The Language of Flowers

by Stephanie Whetstone

There is a language, little known,
Lovers claim it as their own.
Its symbols smile upon the land,
Wrought by nature’s wondrous hand;
And in their silent beauty speak,
Of life and joy, to those who seek
For Love Divine and sunny hours
In the language of the flowers.

–The Language of Flowers, London, 1875

As the weather in Princeton finally warms, the campus has come alive with flowers, leafy trees, and lush green plants of many kinds. Some of us have taken to our home gardens, too, hoping for peonies, daylilies, sunflowers, and roses. While we enjoy our flowers for their beauty and lovely scents, few of us still use them as a form of clandestine communication.

We send private messages to our friends and lovers today via text, but the Victorians sent nosegays to convey secret thoughts and desires. Floriography, or the language of flowers, required floral dictionaries but allowed couples to say what society deemed inappropriate to express in words.

While floriography was all the rage in Victorian times, it goes back to earlier eras and can be found in the literature and daily life of many cultures. Through Ophelia in Hamlet, Shakespeare explores the meaning of many flowers. Ophelia says:

There’s rosemary, that’s for remembrance.
Pray you, love, remember. And there is pansies,
that’s for thoughts . . .
There’s fennel for you, and columbines.
There’s rue  for you, and here’s some for me; we
may call it herb of grace o’ Sundays. You must wear your
rue with a difference. There’s a daisy. I would
give you some violets, but they withered all
when my father died.

In Shakespeare’s time, fennel was a symbol of strength, columbine stood for folly, daisies meant innocence, and violets recognized faithfulness and modesty.

In Japanese culture, Hanakotoba is the language of flowers with its own lexicon. For example, a gift of Havenaria radiata, an orchid native to the region, means “My thoughts will follow you into your dreams.”

Today, we still say “I love you” with roses, “I’m sorry” with a colorful bouquet, or “my condolences” with gladiolas. If you’d like to try to say something more precisely with your blooms this summer, check out the floral glossary below.  If I could, I would send each of you basil.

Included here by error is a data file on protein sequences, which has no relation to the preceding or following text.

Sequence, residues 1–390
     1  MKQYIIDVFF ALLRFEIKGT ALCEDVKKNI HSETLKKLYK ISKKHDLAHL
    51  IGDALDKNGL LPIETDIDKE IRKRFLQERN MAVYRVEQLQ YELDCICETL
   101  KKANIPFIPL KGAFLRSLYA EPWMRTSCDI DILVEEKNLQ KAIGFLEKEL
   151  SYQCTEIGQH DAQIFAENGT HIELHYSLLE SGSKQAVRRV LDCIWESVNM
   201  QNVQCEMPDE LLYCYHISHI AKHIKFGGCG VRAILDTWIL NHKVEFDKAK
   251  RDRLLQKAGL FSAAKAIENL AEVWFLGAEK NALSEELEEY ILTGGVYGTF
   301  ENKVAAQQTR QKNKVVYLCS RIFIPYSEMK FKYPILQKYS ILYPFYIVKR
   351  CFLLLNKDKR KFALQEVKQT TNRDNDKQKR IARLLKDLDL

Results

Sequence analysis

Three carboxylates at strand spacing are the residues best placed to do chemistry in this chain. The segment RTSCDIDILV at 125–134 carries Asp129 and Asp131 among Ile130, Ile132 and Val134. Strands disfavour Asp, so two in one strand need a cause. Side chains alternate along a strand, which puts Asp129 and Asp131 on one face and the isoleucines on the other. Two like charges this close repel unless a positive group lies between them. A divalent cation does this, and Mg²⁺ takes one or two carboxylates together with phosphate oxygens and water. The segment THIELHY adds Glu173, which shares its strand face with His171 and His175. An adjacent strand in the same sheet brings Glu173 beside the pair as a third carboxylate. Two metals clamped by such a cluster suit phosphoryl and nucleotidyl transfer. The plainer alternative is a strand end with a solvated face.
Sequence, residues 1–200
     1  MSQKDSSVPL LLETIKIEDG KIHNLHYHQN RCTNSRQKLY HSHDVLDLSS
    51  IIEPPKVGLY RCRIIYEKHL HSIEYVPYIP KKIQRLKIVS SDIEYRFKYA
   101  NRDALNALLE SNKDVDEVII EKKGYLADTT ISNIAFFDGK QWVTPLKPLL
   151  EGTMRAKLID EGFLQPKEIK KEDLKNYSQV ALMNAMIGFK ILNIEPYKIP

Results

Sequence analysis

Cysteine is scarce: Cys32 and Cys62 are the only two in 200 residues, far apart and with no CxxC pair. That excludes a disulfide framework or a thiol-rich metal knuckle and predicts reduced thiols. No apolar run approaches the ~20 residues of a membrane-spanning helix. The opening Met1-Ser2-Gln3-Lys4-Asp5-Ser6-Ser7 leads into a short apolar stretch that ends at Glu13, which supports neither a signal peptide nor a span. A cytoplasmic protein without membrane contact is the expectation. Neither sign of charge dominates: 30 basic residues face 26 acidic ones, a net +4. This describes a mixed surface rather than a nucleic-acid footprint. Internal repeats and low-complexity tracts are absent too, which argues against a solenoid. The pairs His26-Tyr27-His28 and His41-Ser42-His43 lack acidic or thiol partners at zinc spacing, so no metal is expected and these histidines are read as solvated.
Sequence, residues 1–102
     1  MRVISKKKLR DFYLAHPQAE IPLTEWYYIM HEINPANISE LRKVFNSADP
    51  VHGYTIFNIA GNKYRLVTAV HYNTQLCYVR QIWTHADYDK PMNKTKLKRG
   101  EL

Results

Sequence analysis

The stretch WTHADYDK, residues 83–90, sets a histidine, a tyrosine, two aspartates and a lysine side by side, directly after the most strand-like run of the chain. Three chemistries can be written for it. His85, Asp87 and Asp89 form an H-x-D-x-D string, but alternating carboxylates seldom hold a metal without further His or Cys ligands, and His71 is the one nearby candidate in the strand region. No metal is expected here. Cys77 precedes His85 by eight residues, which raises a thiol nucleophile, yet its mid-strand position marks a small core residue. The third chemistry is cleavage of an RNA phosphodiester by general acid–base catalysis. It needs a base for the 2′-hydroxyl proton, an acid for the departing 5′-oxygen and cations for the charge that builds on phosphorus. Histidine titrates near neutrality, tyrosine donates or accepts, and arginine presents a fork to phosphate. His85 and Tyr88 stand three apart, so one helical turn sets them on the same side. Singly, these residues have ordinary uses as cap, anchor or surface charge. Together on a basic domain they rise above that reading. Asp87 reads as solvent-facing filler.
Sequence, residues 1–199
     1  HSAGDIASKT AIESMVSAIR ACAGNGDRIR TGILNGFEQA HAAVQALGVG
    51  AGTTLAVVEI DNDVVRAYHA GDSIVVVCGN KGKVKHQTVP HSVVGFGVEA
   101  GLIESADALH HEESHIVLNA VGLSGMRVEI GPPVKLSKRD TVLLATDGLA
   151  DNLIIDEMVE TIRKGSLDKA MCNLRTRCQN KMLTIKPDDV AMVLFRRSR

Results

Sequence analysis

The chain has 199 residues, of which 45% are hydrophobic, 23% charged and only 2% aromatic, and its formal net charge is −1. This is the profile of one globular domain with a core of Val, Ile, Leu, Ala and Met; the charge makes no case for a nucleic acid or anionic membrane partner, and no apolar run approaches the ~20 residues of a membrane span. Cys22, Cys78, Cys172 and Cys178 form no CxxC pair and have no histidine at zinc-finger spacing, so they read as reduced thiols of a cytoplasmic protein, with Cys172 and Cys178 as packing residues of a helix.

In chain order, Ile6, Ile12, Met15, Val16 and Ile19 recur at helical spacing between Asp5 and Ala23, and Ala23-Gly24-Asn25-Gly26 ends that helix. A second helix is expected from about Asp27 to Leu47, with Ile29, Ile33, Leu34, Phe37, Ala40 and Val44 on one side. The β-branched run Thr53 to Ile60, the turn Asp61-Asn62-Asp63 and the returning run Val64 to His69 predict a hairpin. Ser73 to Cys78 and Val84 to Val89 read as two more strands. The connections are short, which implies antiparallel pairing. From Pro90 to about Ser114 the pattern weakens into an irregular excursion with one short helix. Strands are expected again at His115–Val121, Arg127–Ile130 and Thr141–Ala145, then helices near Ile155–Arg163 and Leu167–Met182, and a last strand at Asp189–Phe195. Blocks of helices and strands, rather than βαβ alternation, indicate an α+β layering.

Symbolic Meanings of Herbs, Flowers and Trees
Aloe Healing, protection, affection
Amaryllis Pride
Anemone Forsaken
Angelica Inspiration
Apple blossom Preference
Arborvitae Unchanging friendship
Bachelor’s button Single blessedness
Basil Good wishes
Bay Glory
Begonia Beware
Bittersweet Truth
Black-eyed Susan Justice
Bluebell Humility
Candytuft Indifference
Carnation Women, Love
– Red carnation My Heart Aches, admiration
– White carnation Innocence, pure love, women’s good luck gift
– Pink carnation I’ll never forget you
– Yellow carnation Disappointment, rejection
Chamomile Patience
Chives Usefulness
Chrysanthemum Cheerfulness
Clover, white Think of me
Coreopsis Always cheerful
Coriander Hidden worth
Crocus, spring Youthful gladness
Cumin Fidelity
Cyclamen Resignation and good-bye
Daffodil Regard
Daisy Innocence, hope
Dill Powerful against evil
Edelweiss Courage, devotion
Fennel Flattery
Fern Sincerity
Forget-me-not True love memories
Gardenia Secret love
Geranium, oak-leaved True friendship
Goldenrod Encouragement
Heliotrope Eternal love
Holly Hope
Hollyhock Ambition
Honeysuckle Bonds of love
Horehound Health
Hyacinth Games and sport, playfulness, rashness
Hyacinth, blue Constancy of love
Hyacinth, purple Sorrow, forgiveness, regret
Hyacinth, yellow Jealousy
Hyacinth, white Loveliness, prayers for someone
Hyssop Sacrifice, cleanliness
Iris A message
Ivy Friendship, continuity
Jasmine, white Sweet love
Lady’s-mantle Comforting
Lavender Devotion, virtue
Lemon balm Sympathy
Lilac Joy of youth
Lily, calla Beauty
Lily, day Chinese emblem for mother
Lily-of-the-valley Sweetness
Lotus Flower Purity, enlightenment, self-regeneration, and rebirth
Magnolia Love of nature
Marjoram Joy and happiness
Mint Virtue
Morning glory Affection
Myrtle Good luck and love in a marriage
Nasturtium Patriotism
Oak Strength
Oregano Substance
Pansy Thoughts
Parsley Festivity
Peony Happy life, happy marriage
Pine Humility
Poppy, red Consolation
Rhododendron Danger
Rose, red Love, I love you, desire
Rose, pink Happiness
Rose, white Purity, heavenly, I’m worthy of you
Rose, yellow Jealousy, decrease of love
Rosemary Remembrance
Rue Grace, clear vision
Sage Wisdom, immortality
Salvia, blue I think of you
Salvia, red Forever mine
Savory Spice, interest
Sorrel Affection
Southernwood Constancy, jest
Sunflower Adoration
Sweet pea Pleasures
Sweet William Gallantry
Sweet woodruff Humility
Tansy Hostile thoughts
Tarragon Lasting interest
Thyme Courage, strength
Tulip, red Declaration of love
Tulip, yellow Sunshine in your smile
Valerian Readiness
Violet Loyalty, devotion, faithfulness, modesty
Wallflower Faithfulness in adversity
Willow Sadness
Yarrow Everlasting love
Zinnia Thoughts of absent friends